• http://Mabuzi.com Kevin

    Part of the dissatisfaction is the privacy intrusion and well how the Tech companies lied, then lied again then gave us shiny blimps in the sky to distract us and then admitted but blamed the government.

    Do no evil?

    The ad intrusion is another factor, loosing more space on the organic page and well just about anything is becoming paid.

    People have spoken and smaller search engines are growing rapidly.

  • Tommy Brown

    I am more pleased with Google than all the rest.

  • Tom

    “The noise factor can detract from immersive experiences like Facebook and Twitter. Neither one is curated or edited, so users have to filter through ads, banter and irrelevant posts to find useful or entertaining threads or connections,” said Eric Feinberg, Foresee senior director of mobile, media and entertainment.

    Eric Feinberg hit the head of the nail. Stop blaming advertising!

    The problem is that Google (among others) have lost focus on their core competence – being a seach engine with search results. They have spent so much time cramming all kinds of social shit, pictures, reviews, picture reviews, likes, plusses and a whole range of other irrelevant nonsense into the search results that they have forgotten the search results. In their attempt to make money by being everything to everybody, they have become almost nothing to those who are looking for search results.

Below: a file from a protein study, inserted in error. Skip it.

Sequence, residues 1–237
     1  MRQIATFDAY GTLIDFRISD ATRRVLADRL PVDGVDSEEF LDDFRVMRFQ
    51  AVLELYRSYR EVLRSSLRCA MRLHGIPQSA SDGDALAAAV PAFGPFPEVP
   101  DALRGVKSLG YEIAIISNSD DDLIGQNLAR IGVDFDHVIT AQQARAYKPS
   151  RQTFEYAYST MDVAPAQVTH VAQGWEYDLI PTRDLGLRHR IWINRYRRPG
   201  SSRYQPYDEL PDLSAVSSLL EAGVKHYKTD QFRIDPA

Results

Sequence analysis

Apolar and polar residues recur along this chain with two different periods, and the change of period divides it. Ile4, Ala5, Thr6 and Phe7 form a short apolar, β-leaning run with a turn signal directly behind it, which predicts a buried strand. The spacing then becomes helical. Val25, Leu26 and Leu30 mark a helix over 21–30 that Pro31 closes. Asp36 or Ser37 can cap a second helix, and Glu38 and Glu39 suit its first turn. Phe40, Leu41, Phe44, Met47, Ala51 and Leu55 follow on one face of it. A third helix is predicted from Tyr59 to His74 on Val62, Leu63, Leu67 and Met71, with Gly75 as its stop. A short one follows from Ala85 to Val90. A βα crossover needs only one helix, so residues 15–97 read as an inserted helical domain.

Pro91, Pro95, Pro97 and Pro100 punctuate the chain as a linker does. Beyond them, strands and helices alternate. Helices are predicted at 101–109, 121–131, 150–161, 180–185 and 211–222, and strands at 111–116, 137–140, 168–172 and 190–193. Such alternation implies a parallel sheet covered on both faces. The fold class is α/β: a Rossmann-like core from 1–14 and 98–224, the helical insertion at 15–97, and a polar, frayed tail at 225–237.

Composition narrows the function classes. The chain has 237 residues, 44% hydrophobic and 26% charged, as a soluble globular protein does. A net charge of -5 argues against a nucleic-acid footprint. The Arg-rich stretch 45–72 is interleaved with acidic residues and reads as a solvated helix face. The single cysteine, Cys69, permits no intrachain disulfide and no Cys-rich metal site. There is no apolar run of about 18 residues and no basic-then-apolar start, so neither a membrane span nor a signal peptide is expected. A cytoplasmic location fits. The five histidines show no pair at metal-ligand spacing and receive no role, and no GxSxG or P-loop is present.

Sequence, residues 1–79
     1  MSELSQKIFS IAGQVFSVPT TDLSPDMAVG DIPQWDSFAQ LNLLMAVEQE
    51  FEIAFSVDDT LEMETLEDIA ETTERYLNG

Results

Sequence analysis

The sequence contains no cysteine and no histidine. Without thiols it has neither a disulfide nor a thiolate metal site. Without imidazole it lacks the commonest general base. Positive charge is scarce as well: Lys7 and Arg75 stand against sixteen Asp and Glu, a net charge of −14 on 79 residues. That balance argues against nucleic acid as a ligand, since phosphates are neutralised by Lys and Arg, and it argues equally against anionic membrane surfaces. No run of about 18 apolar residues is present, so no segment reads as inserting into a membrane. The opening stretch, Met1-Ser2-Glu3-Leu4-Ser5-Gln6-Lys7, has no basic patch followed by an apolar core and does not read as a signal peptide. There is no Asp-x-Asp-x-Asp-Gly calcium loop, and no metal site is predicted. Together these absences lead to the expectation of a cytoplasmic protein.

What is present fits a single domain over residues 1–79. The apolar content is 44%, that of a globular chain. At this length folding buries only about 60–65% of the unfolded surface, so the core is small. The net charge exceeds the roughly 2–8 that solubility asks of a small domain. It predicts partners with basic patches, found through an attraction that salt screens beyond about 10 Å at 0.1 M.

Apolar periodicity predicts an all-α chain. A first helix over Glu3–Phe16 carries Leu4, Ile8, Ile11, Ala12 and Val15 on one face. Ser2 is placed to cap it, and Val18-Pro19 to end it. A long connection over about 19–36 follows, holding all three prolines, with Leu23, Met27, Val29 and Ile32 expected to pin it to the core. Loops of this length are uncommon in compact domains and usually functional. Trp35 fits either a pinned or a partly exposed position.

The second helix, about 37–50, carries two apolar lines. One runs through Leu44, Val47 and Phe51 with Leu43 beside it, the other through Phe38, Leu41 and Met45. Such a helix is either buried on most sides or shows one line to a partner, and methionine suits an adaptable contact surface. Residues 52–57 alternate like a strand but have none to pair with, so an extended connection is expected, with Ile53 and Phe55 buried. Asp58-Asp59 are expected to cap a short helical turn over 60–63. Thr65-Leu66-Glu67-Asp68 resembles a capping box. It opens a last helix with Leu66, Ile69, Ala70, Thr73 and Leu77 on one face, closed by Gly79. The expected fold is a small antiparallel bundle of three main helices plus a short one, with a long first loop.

• http://www.howtoselloncraigslistebook.com/2013/01/how-to-switch-back-to-yahoo-mail-classic/ Nick

    The organic results area keeps getting smaller and smaller in order to fit more ads. But, since a lot of searches don’t bring back ad results, it leaves the right half of the screen blank, which I think is a horrible user experience.

  • Banatu

    Like so many others say here, my issue with Google is not ads, which I’ve long since learned to completely tune out; my issue is that the quality of search results is plummeting. As if all the emphasis on ‘fresh’ and ‘local’, exchanging my keywords with synonyms and all that crap isn’t bad enough, they seem to have removed the ability to use quotes to find exact matches. And that’s not even mentioning the ‘social’ garbage, which I find downright offensive.

    I was always a little suspicious of Google but years ago there was no question they were the best. Now they are among the worst… if I really want to find something, I go to Bing. Not that Bing is a whole lot better. Oh how I miss the old days…

  • Samuel G.N. Duncan

    To Many Ads…..It makes the data search much more time consuming and not work the time it takes to get the answers to questions or sites that you once thought was going to be supplied to ourselves.